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5 minutes reading time (970 words)

Andres Castano

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Roverto was leading a young mare across the road when I drove up. She was following politely, but would startle, flinch, at something to the right, then at the gate, then at a sound from the house. I watched this perfectly put together little bay in awe. She simply could not be any prettier.

Earlier that morning, I'd stopped by the little graveyard in Halcyon, walking through the tall Eucalyptus trees and up to the western edge of the headstones to Sheila's grave. After some time, I placed both hands on the stone, closed my eyes and invited her to come spend the day with me, to see through my eyes, to smell through my nose, to feel through my touch. With each big inhale of air, I could feel her spirit with me, enjoying the smell of the sea air, the eucalyptus trees, the air of California. I opened my eyes to a powder blue sky with wispy white clouds overhead. A tear ran down my cheek. I miss her so.

In the parking lot at Oceano Beach, I slipped off my shoes and socks, rolled up my jeans and walked south. It was early but there was a nice breeze. Seagulls drifted in the updrafts overhead and sandpipers skittered at the water's edge. The waves rolled in just as they have been doing for centuries. I walked. There was not yet the ATVs, the motorbikes, or many people, I had the beach pretty much to myself. I imagined Sheila as a youngster with Judy, or with Jack, or with friends, racing hell-bent and bareback along this long stretch of white sand. An echo of hoof beats racing by put a smile on my face.

It was after my walk that I drove out to the ranch.

"Andres?" I asked, looking at the handsome face of the man from the Major Mac Videos of late.

"Yes." He put his hand out to shake mine, wondering who I was.

I told him that I was a visitor and would like to just be a fly on the wall and watch him as he worked the horses.

"Yes, of course!" He said.

I told him that I had been a friend of Sheila's, and that we'd ridden together, mostly after cattle or in the hills. He told me Jaime was still not back to work and that this little filly had not had much work since he'd left, about a year and a half ago. Her name is Faddaja (Audacious ps x Elite Lady Fadjur). Her huge dark eyes watched us, as we talked. Roverto groomed her body and spoke softly to her. Walking back to the round pen, Andres and I chatted about Sheila, about her philosophies, about his life and experiences since coming from Columbia ten years ago and how happy he was now to be working with such quality horses and how much he wished he could pick Sheila's brain and talk about the horses. He commented on what a difference he'd noticed in these Varian bred horses.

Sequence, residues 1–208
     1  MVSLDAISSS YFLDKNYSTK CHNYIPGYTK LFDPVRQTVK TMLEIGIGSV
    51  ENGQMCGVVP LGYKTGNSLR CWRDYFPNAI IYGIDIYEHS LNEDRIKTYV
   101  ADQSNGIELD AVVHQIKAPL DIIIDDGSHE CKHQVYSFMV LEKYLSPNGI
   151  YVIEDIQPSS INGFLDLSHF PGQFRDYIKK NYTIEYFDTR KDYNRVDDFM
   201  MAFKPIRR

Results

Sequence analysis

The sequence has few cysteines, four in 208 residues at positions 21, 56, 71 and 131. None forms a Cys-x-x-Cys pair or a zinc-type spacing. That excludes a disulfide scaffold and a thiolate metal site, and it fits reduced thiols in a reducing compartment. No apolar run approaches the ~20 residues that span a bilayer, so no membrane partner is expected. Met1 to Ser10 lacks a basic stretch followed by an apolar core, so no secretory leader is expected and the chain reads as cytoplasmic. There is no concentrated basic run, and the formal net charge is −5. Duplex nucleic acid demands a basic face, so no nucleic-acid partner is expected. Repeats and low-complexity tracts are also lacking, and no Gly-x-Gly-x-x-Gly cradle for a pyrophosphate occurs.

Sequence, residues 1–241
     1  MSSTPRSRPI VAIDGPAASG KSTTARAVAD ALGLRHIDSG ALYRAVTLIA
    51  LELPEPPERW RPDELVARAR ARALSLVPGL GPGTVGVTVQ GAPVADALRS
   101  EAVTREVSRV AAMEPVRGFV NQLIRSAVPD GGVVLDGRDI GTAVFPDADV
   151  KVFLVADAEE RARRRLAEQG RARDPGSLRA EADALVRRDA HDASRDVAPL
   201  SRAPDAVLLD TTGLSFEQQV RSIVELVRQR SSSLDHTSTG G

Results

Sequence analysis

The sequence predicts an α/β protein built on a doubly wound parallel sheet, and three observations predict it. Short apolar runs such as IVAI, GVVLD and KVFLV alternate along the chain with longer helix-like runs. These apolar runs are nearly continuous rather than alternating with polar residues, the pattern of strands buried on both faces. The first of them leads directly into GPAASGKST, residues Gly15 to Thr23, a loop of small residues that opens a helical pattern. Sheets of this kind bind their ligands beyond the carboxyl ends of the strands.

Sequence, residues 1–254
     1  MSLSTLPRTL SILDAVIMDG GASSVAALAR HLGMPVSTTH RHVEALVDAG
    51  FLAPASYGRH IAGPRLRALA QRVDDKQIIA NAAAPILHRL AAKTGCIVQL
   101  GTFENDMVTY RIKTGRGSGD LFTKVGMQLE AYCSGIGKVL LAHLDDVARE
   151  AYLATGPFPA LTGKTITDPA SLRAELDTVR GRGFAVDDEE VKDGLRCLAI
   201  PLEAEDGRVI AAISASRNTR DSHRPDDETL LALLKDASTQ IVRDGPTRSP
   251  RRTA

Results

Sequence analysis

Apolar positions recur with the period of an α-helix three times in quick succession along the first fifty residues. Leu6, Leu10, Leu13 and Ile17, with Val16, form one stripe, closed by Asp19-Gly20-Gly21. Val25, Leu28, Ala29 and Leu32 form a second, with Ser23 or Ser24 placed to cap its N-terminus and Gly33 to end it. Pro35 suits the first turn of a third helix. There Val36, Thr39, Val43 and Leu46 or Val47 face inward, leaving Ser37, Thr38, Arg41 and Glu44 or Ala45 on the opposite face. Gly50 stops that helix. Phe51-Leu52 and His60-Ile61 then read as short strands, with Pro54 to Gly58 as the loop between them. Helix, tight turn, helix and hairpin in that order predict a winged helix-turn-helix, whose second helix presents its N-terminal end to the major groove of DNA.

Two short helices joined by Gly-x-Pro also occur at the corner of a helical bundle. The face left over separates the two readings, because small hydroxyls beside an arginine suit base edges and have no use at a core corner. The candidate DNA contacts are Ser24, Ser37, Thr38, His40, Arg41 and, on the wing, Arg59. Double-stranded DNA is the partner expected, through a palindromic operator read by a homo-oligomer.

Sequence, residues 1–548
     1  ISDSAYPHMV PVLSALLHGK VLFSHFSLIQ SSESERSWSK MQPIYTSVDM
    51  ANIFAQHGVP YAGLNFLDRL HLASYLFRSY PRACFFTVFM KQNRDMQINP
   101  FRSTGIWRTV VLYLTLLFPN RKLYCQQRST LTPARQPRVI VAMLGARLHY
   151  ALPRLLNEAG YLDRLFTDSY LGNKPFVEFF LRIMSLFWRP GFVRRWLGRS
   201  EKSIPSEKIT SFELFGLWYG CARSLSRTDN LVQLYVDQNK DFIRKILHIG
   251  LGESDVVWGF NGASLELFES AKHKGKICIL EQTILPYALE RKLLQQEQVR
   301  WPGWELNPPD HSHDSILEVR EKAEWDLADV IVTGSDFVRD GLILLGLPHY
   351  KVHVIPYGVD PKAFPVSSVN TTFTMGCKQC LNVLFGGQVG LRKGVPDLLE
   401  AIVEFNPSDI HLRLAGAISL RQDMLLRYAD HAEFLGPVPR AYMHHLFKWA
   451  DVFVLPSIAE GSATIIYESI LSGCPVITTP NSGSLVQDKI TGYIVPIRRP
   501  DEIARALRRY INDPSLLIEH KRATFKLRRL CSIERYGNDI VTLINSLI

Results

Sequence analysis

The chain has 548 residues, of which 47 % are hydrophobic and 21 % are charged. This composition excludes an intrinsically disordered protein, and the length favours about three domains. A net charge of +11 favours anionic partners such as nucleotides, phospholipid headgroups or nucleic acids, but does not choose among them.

In the round pen, he slipped off the halter and with nothing more than a subtle suggestion from his body language, suggested she go off to her left. With regal air, she trotted around the pen, head high, nostrils flared, stepping brilliantly and beautifully. Watching him.. and her, I caught the moment that she just barely started to relax. Instantly, he took a step back, relaxing his shoulders. She kept up the trot, but one ear came toward him, her neck relaxed, and her pace slowed just a bit and her stride lengthened a little. He never took his eyes off her, he never broke concentration, he was never aggressive or intimidating, just completely with her in her world. When she was relaxed in one direction, he did the same in the other direction, following her feel. A couple of times, when she stopped and switched around to the other direction on her own, he stepped in quick, with the flag, and turned her back to the direction he'd sent her. It was not in anger, or force, it was more like he was protecting her from doing the wrong thing. His intent was purely in her best interest. His energy stayed even. At the precise moment, when she would relax and look at him, he stepped back and invited her to him. In a few short minutes, she was completely focused on him, completely relaxed, following him around and not paying any attention to the tractors driving by, the horses whinnying around the ranch, there was nothing in her world more interesting to her, than him and her. It was like music, so beautiful.

No doubt Sheila would have really enjoyed working with Andres. One can quickly add up that horses are in his blood, in his every moment.

When he was finished with her, it was about 12:30, time for Andres to have lunch. I found Roy up in the pens by the lab. They'd brought him up from his winter vacation on the hill with Jubilation and bathed him, groomed him, and had him ready for me. He's having the summer off, and this was my last day in California, so I didn't feel that one ride would do him any favors, so I just went in and checked him out from nose to tail, head to toe, burying my face in his mane like a 6 year old girl. I told him that we'd bought him a house with pastures and arenas and that I'd be picking up Arizona (who is in Arizona with Jeff Derby) and him in April and bringing them home again soon.

He looked deeply into my eyes, into my soul, and then sniffed again at my pockets.

Roy is forever hopeful. 

Jeff Derby
WOOLY BUGGERS

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Wednesday, 08 July 2020
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